Whether the resurgent U.S. chemical industry continues to expand domestically after years of slow investment activity could hinge on how the nation proceeds with policies that impact shale gas drilling and consumption, said American Chemistry Council President and CEO Cal Dooley.
Chemical manufacturers have announced several major capital investments over the past three years as the industry takes advantage of the growing natural gas supplies in North America.
But policies that incentivize demand for particular energy sources or usage threaten future chemical industry growth in the United States by potentially raising natural gas prices, Dooley told IndustryWeek during a visit to Ohio April 5.
Specifically, Dooley referred to a plan championed by energy tycoon T. Boone Pickens that would expand tax credits for natural gas-powered vehicles. President Obama recently proposed a $1 billion plan to bring more alternative-energy vehicles to market, including the development of regional liquefied natural gas fueling areas for trucks.
Dooley also said regulations that force coal-fired power plants to either shut down or convert to natural gas could impact future chemical industry investments.
"If you have a regulatory policy that results in the 86% of the electricity generated in Ohio currently by coal, then dramatically shift that to natural gas over a short period of time without allowing supply to catch up, that creates an expectation in years out that the feedstock we're so dependent on - natural gas - will be much higher (priced)," Dooley said.
In Ohio, First Energy Corp. and American Electric Power have announced plans to shut down several coal-fired plants and expand their use of natural gas because of Environmental Protection Agency emissions standards. Power companies are taking similar actions in other states.
Dooley said he's concerned about the impact such regulations could have on investments similar to those planned by Royal Dutch Shell plc (IW 1000/2) and other chemical producers considering the construction of multibillion-dollar plants in shale gas regions.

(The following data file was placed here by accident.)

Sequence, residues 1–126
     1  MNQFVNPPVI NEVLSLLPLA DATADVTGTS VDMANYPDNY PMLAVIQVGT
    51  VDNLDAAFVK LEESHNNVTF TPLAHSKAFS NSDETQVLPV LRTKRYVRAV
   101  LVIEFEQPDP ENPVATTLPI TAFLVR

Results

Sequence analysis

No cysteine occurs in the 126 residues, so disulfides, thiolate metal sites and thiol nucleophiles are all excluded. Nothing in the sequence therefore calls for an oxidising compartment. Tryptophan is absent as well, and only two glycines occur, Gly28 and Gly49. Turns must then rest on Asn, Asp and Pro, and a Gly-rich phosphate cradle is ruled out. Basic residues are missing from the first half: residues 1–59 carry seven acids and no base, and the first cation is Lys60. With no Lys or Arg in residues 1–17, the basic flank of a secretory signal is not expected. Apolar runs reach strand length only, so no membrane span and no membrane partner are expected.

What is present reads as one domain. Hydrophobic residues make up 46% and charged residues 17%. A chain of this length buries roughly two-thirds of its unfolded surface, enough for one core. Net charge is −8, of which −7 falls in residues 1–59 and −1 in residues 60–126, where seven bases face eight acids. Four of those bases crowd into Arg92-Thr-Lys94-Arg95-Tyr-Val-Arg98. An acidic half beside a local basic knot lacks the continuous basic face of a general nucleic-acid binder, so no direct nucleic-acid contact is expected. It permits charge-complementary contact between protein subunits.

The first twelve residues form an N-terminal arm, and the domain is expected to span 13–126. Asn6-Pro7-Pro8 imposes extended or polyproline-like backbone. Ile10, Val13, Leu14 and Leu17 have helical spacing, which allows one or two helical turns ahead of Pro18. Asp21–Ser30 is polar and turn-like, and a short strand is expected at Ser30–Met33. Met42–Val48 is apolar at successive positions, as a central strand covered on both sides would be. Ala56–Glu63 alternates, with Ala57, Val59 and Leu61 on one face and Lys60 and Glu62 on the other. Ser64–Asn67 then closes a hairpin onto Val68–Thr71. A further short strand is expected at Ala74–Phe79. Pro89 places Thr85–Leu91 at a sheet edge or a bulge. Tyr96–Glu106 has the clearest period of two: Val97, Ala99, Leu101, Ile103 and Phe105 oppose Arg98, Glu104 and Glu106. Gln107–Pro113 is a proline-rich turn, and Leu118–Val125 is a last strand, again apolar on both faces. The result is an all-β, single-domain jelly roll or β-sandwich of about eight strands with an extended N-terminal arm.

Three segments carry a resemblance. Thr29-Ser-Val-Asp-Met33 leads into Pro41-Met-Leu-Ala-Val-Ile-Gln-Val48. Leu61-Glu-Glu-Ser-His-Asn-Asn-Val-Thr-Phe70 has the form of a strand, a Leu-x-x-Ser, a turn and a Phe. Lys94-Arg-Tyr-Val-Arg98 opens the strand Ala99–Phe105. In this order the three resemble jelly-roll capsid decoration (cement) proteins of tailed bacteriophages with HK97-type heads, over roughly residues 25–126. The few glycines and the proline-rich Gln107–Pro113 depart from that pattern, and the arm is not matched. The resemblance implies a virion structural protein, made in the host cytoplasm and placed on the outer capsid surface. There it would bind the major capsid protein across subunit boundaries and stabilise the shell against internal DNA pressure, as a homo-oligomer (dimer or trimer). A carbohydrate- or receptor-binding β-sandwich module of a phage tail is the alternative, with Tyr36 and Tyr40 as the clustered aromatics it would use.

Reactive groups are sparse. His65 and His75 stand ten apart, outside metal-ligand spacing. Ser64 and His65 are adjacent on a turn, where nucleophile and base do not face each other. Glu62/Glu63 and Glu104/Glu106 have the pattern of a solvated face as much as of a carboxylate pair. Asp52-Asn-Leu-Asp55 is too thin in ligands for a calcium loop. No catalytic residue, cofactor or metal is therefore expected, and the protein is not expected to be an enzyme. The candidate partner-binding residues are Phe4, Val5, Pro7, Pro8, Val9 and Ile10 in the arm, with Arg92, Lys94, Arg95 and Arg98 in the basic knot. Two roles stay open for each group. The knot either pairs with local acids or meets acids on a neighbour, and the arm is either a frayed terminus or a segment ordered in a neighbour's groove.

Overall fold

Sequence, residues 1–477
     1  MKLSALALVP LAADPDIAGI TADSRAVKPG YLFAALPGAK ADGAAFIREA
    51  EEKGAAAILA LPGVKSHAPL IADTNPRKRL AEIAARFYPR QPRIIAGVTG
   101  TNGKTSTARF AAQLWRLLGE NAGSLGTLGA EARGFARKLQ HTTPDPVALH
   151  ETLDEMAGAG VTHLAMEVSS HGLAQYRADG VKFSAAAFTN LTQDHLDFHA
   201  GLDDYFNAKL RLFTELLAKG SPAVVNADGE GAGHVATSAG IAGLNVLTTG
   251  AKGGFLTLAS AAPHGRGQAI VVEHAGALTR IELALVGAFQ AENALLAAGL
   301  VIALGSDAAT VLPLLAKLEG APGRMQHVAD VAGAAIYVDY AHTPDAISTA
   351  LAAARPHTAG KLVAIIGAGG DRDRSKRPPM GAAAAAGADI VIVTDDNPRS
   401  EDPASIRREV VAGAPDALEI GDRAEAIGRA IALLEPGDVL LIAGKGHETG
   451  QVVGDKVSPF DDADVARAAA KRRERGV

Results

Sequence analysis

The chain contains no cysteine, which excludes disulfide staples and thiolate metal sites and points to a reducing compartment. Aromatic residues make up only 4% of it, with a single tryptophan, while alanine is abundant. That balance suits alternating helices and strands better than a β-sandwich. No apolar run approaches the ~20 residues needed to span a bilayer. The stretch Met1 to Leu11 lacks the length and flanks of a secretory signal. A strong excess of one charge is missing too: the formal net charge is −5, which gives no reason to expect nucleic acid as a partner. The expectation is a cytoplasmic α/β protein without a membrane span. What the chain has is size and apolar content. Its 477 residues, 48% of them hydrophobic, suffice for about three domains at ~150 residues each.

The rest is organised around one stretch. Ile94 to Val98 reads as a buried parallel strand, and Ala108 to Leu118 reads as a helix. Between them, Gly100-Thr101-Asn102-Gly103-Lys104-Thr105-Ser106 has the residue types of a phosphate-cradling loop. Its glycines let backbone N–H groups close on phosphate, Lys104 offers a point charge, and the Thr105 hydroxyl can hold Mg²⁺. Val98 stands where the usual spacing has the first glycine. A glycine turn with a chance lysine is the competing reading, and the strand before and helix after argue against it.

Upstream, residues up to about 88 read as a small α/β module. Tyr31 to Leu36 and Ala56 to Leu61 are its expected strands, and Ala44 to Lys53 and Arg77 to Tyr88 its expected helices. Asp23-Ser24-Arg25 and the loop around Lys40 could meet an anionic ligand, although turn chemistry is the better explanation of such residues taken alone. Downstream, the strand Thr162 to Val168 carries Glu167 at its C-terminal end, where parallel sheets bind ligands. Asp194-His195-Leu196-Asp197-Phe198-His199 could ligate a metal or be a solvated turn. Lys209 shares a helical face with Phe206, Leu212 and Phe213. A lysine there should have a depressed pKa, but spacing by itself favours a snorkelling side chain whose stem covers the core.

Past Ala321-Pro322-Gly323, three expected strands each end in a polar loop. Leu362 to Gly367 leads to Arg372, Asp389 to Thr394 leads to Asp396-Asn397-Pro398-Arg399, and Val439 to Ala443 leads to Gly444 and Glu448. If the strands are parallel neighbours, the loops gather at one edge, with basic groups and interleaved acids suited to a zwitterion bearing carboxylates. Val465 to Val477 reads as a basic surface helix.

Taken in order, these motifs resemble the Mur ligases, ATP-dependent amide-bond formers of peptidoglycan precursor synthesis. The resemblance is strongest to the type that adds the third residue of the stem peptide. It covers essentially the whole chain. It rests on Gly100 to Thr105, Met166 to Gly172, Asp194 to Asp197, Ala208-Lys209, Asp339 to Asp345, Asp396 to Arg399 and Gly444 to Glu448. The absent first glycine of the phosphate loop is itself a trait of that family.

Shell is conducting feasibility studies for a new ethane cracker in Pennsylvania and according to a report in the Wall Street Journal, the company may build a $10 billion gas-to-diesel processing plant in Louisiana.
'Chemistry to Energy'
The American Chemistry Council has launched a "chemistry to energy" campaign that not only calls for market-driven natural gas policies but stresses the importance of a comprehensive energy policy.
This includes offering the same type of credits to manufacturers for energy efficiency as those provided by some states to companies that utilize renewable energy, Dooley said.
Chemical manufacturers could benefit as well from waste-to-energy policies that encourage the reuse of discarded plastic for energy generation.
Plastic has a 25% higher energy content than coal, according to Dooley.
"We're making the case of why dig coal out of the ground and bury plastic when plastic has more energy in it?" he said.
Another part of the association's energy initiative focuses on the chemical industry's role in advancing all forms energy sources in the United States.
While natural gas plays a critical role in chemical production, the industry also supplies the composites used in wind turbines and materials for solar panels, Dooley said.
Battle over Ethanol
New ethanol production technologies have made it possible to produce the fuel from hydrocarbon sources such as coal and natural gas.
In March, Dallas-based Celanese Corp. (IW 500/153) said it received key government approvals to move forward with plans to modify an existing facility in China to produce ethanol from coal.
The company views the technology, which it calls TCX, as a lower-cost option than traditional corn or sugar-based ethanol.
Celanese has announced some expansion in the United States related to its TCX development. The company expects to open a facility in Clear Lake, Texas, this summer to produce ethanol from natural gas.
But regulations could stifle further investment domestically, said Steven Sterin, chief financial officer for Celanese.
Ethanol legislation enacted prior to the availability of TCX requires most of the ethanol produced to be derived from corn.
Dooley said Celanese's situation is a prime example of legislators "picking winners and losers."
"It's much more cost-effective than biobased and yet we have public policy in place that disadvantages its entry into the marketplace," Dooley said. "And that's where we think you have to be very cautious and judicious about government providing subsidies and mandates."
In January, six House members introduced a bill sponsored by Republican Pete Olson from Texas that would encourage more ethanol production from sources other than corn.